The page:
Late in 2017, in conjunction with Ear Buds, I held the first edition of The Vincast Live at Noisy Ritual in Brunswick East and on Facebook Live. Two former guests of The Vincast – Ben Ranken from Galli Estate (Episode 127) and Dan Buckle (Episode 67) from Chandon Australia – joined myself and co-host Nevena Spirovska (Quickie Podcast) to talk about grape varieties in Australia: what are they, why are they, where are they and what are the best ones? I hope you enjoy this chat, as much as the live audience did. Please provide us with some feedback and interest in a future edition.
A little late to the party (vintage 2018 is almost over already), but I got there eventually. Here’s the fourth and final video on the 2017 vintage for Vino Intrepido, finishing the wine and getting it into bottle.
The vermentino and nero d’avola components were racked and blended in September 2017, and bottled not long after that. The nebbiolo was racked and blended in October, returned to barrel, then racked and bottled in January 2018.
There aren’t many people who call Steve Lubiana Stefano, and you merely need to spend a few minutes with him to understand why. He is one of the most affable and soft-spoken Australian vignerons you’ll find, very much a product of having grown up in the Riverland, the product of Italian migrants. In spite of his very generous and gregarious nature, he is a philosophical wine grower with a deep passion for not only biodynamic farming but the history of these practices. His imprint on the island state of Tasmania is immeasurable, and has been producing outstanding wines from the Derwent Valley for several decades.
When Jean-Jacques Morel made the decision to move his family from Paris to Burgundy, it in fact wasn’t for wine, his entry into the wine industry was merely to earn a living once he moved to the region. It was his previous influences and experience that not doubt led to him finding a true passion for viticulture, and the decision was made to follow a path of wine farming. His incredible journey in life has not only influenced his approach to his wines, but also his approach to life, as his enthusiasm and affability his hard to deny. The fact that he limits interference with his wines is but a small part in his mystique and acclaim, and spending a short amount of time it’s hard not to find his love of life infectious.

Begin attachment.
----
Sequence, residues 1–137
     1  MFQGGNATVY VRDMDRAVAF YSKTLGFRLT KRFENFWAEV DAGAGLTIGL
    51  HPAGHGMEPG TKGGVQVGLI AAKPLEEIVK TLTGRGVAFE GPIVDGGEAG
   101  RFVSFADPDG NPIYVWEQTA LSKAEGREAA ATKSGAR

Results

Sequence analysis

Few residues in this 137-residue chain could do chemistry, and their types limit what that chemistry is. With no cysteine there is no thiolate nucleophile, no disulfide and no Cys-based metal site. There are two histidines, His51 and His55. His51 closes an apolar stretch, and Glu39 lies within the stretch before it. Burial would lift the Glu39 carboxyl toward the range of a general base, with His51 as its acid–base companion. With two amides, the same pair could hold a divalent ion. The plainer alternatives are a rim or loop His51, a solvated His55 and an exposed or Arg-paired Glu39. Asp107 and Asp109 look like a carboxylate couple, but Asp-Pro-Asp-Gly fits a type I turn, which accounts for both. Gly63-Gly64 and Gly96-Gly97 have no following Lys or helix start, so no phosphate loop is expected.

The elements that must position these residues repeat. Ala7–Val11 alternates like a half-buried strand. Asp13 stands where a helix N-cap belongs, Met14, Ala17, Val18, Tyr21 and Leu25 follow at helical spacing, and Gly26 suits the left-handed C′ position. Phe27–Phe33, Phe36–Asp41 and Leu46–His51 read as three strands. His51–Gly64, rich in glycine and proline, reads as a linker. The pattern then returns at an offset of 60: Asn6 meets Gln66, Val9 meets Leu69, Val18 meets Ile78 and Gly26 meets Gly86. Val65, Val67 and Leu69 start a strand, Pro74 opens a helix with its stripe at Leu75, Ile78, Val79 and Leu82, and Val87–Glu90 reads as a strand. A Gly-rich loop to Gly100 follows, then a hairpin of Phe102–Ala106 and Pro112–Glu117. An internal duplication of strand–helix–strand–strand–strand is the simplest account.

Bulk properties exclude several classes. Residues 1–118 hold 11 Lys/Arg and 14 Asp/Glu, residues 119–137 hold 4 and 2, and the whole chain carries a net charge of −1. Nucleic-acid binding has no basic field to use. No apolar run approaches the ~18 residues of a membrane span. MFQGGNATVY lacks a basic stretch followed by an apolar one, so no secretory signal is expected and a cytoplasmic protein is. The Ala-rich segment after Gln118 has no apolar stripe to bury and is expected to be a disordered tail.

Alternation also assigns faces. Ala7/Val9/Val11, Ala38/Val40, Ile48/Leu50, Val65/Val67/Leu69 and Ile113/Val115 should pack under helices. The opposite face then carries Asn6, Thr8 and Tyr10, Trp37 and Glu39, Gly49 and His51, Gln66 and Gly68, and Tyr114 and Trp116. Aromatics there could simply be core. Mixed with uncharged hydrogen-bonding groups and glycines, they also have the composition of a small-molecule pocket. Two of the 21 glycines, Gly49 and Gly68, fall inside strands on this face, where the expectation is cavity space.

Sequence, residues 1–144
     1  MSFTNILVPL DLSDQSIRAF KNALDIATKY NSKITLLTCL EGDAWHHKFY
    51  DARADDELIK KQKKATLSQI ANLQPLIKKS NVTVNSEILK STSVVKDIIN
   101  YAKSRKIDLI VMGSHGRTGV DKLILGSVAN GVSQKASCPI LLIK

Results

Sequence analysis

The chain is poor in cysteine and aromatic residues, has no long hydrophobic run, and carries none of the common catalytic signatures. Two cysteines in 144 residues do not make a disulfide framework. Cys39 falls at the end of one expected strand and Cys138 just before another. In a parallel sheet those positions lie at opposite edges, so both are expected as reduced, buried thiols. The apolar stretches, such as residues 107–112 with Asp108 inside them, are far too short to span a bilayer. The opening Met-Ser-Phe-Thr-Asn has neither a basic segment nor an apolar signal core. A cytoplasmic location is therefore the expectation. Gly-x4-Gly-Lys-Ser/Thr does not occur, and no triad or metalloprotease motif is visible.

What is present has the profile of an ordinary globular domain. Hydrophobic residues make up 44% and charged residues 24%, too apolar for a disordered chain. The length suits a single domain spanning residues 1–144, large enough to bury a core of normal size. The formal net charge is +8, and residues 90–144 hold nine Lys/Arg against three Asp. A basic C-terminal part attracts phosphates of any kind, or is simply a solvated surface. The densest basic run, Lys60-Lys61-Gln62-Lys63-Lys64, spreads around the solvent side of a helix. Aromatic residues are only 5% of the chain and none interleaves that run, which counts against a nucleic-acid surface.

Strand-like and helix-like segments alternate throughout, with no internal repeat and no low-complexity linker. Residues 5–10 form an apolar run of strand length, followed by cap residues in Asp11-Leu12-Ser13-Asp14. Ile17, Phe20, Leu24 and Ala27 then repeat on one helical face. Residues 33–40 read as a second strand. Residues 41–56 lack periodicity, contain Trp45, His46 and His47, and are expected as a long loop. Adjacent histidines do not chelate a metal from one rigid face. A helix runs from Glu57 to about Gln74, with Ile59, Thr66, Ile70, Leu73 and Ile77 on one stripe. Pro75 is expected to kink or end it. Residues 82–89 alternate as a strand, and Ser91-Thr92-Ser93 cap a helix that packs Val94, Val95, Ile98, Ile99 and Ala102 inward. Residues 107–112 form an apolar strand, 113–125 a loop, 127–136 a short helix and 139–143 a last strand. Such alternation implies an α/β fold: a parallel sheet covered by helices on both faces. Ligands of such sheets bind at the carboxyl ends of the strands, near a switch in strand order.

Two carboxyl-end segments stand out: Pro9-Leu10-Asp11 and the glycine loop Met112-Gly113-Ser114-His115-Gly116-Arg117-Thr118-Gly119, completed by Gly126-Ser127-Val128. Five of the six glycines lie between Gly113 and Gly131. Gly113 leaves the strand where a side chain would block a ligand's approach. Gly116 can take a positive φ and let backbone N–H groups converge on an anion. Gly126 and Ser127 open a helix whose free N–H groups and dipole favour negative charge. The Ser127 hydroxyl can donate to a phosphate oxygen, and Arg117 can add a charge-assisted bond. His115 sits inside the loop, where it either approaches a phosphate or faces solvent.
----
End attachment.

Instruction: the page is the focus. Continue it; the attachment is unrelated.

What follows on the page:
The Pannell family is one of the most iconic in Australian wine, having not once but twice pioneered the vigneron model in Western Australia. After being one of the first commercial wine producers in the now legendary and substantial Margaret River region (Moss Wood), they had a complete shift East to the still somewhat unexplored Pemberton region, where they established Picardy Wines. Here they focused on Chardonnay and Pinot Noir, and invited their son Dan to be an important part of the future. With such an incredible wine pedigree and a passion for Burgundy, it’s easy to understand why Dan is regarded as one of the most incredible and honest winemakers in the state.
I’ve tasted some wines from Shaw Vineyard Estate on Let’s Taste before, and was keen to see some new wines from them. I don’t often get the opportunity to try wines from Canberra District so this was a treat. Let me know what you think in the comments below!
Without knowing it Rory Lane was about ten years ahead of the modern era of the Garage Winemaker in Australia with The Story Wines. In 2004, with only a few vintages experience mostly working in wineries in the United States, he took a punt on starting his own wine project, working out of a rented warehouse in suburban Melbourne. Fortunately he was able to purchase some outstanding Grampians fruit, and capture it in a bottle in an elegant expression that almost immediately began to turn heads. He is now considered to be one of the most exciting winemakers in Australia, and is an important representative for small ‘virtual’ wineries both here and overseas.
In a way, Ben Ranken’s wine career has come full circle. He grew up on a vineyard in Tumbarumba, a region in New South Wales famed for the quality of its chardonnay. Recently he and his wife purchased the Wilimee Vineyard in Macedon, another cool-climate region ideal for chardonnay. In the intervening years he gained considerable vintage experience in Australia and the northern hemisphere, and since 2007 has been making wine at Galli Estate, an incredible Sunbury-based producer that also has a vineyard in Heathcote. We chatted about his winemaking journey, his many influences, and also how important the Lorenzo Galli Scholarship is for educating the wine industry on the nuances of Italian grapes that they work extensively with.
Matt Holmes’ winemaking career has come full circle. His first short experience as a chief winemaker was at Bannockburn Vineyards, stepping into a role that was vacated just before vintage, but in effect was a caretaker position until the new winemaker was appointed. Following that he gained experience all over the world, before recently returning to Bannockburn to become the permanent chief winemaker. We spoke on this episode about his amazing journey, and what excited him about the new opportunities that Bannockburn and Melbourne offer.
Growing up in Ballarat, John Harris graduated from Charles Sturt University with a degree in oenology in 1999, and soon took up a position at Domaine Chandon. Over the next seven years he gained much experience and by the end of his tenure was in charge of sparkling production for the Yarra Valley-based operation. In 2008, along with his wife’s extended family, he began the Mitchell Harris brand that would eventually be based in their mutual home town of Ballarat.
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